How to Use Look Up Tables to Edit Photos

How to Use Look Up Tables to Edit Photos

Look Up Tables (LUTs) are generally used to changes certain colors and their ranges in video using Adobe Premiere Pro, Final Cut Pro or any professional video editing software. We often edit our photos with actions and presets in Lightroom or Photoshop, but it is possible to edit these photos using LUTs too. This video by Peter McKinnon shows how to do just that. The next time you like a certain look of your videos because of a LUT you applied to it, know that you can use it on a still image too. Peter has developed his own LUTs for you to use, and here are a couple of free ones you can find online too. It's a great way to see what's possible using LUTs in your post-processing workflow, and to tweak your style in a new way if that's what you feel is best for your work's progression. 

If you've already installed LUTs in Premiere Pro and you want to try them out in Photoshop, you will need to copy them out. You do this by navigating:

Mac: Applications/Premiere Pro CC 2015/Show Package Contents/Lumetri  (Show Package Contents is a right/ctrl click option on the application itself).

Windows: C:\Program Files\Adobe\Adobe Premiere Pro CC 2015\Lumetri\

You can copy them out and paste them in the folder Peter navigates to in the start of the video. 

Please note: The difference between a 1D-LUT and a 3D-LUT is that the 1D LUT doesn't give you that much control and it ties things together. So, an example would be that if you are busy editing with a 1D-LUT and you increase contrast, it will also increase Saturation because they are tied together. In a 3D-LUT, these are independent and can be changed independently.  

Do you use LUTs to edit images?

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17 Comments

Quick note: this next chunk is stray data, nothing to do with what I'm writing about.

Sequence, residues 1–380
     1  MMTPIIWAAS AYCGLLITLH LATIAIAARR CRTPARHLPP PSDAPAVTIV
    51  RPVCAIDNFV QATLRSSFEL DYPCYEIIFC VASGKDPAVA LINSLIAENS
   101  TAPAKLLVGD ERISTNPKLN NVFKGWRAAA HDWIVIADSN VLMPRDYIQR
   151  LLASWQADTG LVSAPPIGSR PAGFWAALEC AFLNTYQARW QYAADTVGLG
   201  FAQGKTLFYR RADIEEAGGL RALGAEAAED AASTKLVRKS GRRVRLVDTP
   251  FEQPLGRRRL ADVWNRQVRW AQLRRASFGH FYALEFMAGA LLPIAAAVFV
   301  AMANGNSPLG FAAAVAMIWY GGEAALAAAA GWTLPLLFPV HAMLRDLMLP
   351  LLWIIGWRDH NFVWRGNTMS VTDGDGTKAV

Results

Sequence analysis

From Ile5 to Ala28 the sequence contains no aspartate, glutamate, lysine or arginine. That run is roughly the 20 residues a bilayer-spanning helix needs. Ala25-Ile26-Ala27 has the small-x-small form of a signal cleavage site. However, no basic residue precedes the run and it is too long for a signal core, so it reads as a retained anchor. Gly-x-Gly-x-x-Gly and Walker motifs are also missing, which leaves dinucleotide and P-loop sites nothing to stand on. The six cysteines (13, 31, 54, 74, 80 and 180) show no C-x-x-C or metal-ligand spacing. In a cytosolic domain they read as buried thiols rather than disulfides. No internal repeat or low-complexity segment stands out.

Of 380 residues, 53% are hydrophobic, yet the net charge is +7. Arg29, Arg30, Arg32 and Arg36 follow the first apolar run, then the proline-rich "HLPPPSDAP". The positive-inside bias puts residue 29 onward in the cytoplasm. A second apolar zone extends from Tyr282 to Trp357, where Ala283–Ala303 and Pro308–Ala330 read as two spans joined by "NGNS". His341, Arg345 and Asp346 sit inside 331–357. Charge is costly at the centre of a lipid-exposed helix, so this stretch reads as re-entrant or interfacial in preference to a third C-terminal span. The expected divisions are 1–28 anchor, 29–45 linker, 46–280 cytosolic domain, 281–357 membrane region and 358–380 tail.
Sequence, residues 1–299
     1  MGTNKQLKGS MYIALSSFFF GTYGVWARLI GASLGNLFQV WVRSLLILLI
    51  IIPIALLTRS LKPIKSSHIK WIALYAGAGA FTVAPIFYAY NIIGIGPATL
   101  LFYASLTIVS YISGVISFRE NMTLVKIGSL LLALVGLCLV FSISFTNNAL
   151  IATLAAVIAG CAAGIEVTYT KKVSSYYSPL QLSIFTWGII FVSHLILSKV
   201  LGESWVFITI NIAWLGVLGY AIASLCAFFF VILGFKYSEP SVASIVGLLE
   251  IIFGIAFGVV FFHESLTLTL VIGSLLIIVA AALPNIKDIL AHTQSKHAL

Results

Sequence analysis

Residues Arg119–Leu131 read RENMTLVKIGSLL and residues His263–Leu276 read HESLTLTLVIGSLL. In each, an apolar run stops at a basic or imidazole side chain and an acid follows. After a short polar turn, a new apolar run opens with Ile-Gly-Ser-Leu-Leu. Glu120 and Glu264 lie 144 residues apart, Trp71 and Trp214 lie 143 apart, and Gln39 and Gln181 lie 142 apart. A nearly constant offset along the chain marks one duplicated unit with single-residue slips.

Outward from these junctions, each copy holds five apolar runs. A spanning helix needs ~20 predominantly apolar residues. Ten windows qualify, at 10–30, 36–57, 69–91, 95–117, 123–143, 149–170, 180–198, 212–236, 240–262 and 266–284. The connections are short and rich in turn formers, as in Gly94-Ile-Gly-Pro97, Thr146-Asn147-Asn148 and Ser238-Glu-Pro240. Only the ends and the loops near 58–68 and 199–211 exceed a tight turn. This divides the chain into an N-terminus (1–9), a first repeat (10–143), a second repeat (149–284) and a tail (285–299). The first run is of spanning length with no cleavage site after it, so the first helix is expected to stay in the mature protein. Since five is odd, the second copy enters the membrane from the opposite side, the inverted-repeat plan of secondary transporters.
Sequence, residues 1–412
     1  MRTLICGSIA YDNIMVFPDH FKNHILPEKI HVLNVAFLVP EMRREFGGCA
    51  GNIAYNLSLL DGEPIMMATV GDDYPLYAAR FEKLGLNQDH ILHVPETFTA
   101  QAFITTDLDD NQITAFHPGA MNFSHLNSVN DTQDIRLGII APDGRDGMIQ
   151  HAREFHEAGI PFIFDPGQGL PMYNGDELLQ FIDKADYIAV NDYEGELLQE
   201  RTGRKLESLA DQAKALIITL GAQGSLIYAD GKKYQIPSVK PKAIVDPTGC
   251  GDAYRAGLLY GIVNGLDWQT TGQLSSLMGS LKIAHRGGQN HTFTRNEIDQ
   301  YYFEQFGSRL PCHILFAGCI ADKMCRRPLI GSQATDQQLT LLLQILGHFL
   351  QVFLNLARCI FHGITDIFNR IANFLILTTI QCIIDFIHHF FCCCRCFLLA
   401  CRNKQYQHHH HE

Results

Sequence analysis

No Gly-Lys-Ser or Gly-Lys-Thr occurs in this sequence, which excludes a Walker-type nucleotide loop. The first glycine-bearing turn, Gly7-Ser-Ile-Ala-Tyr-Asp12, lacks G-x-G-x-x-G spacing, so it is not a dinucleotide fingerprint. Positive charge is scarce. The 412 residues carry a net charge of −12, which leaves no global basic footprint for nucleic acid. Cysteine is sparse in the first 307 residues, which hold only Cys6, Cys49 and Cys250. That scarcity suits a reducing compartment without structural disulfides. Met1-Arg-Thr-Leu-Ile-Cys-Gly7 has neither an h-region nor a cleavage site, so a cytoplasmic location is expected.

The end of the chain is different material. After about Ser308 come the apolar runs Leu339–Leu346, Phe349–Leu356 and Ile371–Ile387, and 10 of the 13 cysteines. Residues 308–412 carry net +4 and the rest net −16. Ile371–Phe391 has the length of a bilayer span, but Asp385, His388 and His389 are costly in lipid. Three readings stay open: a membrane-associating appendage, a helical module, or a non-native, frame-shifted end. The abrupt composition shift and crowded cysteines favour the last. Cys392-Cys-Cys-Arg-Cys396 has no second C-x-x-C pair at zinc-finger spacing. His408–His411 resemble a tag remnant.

They look like what presets would do. Why the need to want to use videography terms for photography? It's bad enough that color grading is now used.

Anonymous's picture

When a term is created, for which another language doesn't already have an equivalent, it's common practice to use the originating language's term. i.e. bokeh
While LUTs act like presets, they're different.

Photography had color balance so no need for color grading. Explain then the difference between LUTs and presets.

Peter, I work in both, so hopefully I can answer your question. Color balance and color grading are two different things. The color balance step takes place in video as well. Applying a grade is an aesthetic choice that generally takes place after you balance your footage, just as building a custom preset in Lightroom takes place after getting your image to neutral.

The theoretical advantage to using LUTs for photos is that it allows an editor like myself who's ingesting both stills and video footage to maintain a degree of consistency between mediums. Its not the end of a color edit, but its a great starting point for the editing process.

An aesthetic choice based on what? A different color balance? Color balancing in photography doesn't require getting to a neutral balance and then sticking to it, if that is what you are referring to.

A custom preset in Lightroom can take place at any time, to include a preset designed to affect color balance. Generally speaking color balance from digital cameras is very consistent so such a preset can certainly make sense.